Most re-sellers are Catholics for whom business is as much about evangelization as it is about selling objects. They are knowledgeable about their wares and cautious about handling lots which often contain first and second class relics, and sometimes sick call sets and pyxes that may contain traces of the Precious Body and Blood of Christ.

Others, who have heard that they can turn “trash to cash” on eBay and other venues, are uneducated in this area and can be indiscriminate and indiscrete about their offerings. Under this heading also are sales ranging from the ridiculous to the sacrilegious: a toasted cheese sandwich allegedly bearing the image of the Blessed Mother, and the sale of the Eucharist.

The second factor is directly related to the closing of many parishes throughout the nation as dioceses are forced to liquidate their holdings to settle high stakes lawsuits or simply because attendance has dwindled. Significant pieces of statuary and desacralized Church furnishings are available to dealers with sufficient funding, ample storage, and the ability to safely move large pieces that may even include altars, stained glass windows and other architectural pieces of importance. These individuals are able to access an exceptionally lucrative worldwide market eager to acquire older pieces.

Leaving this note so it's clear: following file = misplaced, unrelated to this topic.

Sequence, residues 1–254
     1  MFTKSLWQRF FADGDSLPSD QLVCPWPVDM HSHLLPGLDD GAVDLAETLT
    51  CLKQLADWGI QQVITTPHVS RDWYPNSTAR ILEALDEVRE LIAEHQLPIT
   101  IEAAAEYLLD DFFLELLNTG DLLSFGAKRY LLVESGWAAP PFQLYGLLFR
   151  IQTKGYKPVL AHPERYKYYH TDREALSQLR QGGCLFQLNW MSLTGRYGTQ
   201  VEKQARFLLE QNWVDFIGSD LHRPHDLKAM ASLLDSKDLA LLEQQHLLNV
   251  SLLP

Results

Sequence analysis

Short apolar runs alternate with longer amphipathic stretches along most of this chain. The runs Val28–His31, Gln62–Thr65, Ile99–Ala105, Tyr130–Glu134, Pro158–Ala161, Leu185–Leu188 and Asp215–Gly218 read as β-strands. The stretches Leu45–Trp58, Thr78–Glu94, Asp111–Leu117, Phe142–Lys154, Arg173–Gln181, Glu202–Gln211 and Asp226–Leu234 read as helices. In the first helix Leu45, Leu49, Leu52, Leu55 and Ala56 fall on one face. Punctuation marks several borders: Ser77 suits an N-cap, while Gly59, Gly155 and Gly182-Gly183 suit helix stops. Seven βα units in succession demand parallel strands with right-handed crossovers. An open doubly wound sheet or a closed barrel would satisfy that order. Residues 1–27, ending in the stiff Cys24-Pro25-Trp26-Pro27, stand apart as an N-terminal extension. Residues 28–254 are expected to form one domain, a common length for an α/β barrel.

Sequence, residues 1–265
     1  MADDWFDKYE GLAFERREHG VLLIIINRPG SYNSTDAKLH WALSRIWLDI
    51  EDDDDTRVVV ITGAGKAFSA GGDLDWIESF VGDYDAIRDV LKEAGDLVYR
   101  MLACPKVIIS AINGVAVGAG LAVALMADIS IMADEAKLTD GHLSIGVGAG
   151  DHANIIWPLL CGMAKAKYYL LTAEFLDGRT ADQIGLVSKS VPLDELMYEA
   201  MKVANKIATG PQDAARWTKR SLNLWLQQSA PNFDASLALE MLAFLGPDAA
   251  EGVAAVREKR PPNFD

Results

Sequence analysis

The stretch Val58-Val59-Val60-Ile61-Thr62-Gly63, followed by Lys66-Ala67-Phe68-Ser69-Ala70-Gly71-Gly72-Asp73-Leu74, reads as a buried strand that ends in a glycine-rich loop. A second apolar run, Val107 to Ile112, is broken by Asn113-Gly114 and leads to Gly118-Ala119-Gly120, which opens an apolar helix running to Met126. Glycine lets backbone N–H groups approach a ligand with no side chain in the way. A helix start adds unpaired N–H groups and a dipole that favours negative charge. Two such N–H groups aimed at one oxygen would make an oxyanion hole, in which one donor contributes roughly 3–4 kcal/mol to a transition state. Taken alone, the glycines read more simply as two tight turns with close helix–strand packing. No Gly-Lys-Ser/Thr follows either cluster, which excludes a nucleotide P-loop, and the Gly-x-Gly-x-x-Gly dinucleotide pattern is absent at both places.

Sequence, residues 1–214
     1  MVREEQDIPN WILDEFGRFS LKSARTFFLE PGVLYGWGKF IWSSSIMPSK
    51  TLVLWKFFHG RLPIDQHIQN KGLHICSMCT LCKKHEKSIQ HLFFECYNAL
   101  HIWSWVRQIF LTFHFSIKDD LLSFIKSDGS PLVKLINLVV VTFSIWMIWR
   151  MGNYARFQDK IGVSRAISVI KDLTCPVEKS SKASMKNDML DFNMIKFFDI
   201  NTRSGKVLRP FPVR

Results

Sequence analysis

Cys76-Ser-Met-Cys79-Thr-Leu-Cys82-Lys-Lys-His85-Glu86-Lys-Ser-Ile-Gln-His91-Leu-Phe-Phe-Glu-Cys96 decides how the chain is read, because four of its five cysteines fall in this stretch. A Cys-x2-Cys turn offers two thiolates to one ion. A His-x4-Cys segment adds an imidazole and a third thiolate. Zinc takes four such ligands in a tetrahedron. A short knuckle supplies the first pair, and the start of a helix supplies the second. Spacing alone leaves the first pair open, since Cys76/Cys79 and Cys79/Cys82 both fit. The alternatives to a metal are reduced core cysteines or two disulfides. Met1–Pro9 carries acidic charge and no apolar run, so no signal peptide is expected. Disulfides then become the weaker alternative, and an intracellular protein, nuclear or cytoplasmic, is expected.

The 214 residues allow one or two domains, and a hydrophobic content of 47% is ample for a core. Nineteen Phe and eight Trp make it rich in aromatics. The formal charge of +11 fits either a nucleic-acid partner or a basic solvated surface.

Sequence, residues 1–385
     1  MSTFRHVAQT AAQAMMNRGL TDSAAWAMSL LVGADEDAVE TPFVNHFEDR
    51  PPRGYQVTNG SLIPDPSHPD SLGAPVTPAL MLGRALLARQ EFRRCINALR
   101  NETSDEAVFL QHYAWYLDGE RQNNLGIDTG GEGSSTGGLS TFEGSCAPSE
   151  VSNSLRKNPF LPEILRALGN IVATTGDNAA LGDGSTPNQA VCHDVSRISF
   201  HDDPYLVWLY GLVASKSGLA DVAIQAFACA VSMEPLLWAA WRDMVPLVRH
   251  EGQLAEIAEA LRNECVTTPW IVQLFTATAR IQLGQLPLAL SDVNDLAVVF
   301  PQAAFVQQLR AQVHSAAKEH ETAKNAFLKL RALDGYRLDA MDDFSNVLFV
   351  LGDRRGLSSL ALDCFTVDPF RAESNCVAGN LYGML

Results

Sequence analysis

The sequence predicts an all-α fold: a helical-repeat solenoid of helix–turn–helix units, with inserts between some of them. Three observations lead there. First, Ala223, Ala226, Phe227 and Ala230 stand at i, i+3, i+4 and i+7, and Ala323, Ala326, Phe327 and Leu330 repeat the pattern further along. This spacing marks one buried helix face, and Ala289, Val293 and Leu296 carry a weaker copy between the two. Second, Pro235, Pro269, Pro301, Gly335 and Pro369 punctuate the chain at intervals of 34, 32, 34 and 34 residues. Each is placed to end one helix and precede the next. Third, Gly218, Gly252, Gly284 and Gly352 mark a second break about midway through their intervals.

For the most part, this group of re-sellers are professionals who are more focused on profit than faith, although, like the large mainstream retailers, they provide a much needed service. A small, but significant, number of these, however, fraudulently represent themselves as apostolates for the purpose of acquiring  Church furnishings and vestments, claiming to send them to needy third world parishes. Others, thankfully smaller in number, acquire these sacred objects for illicit use in renegade “churches” and for use by practitioners of  the black arts. This is an area of grave concern. Still another subset sells objects once used for the Holy Sacrifice of the Mass as casual furnishings. An ornate pre-Vatican II marble altar might end up as a high-end sideboard in a Las Vegas casino.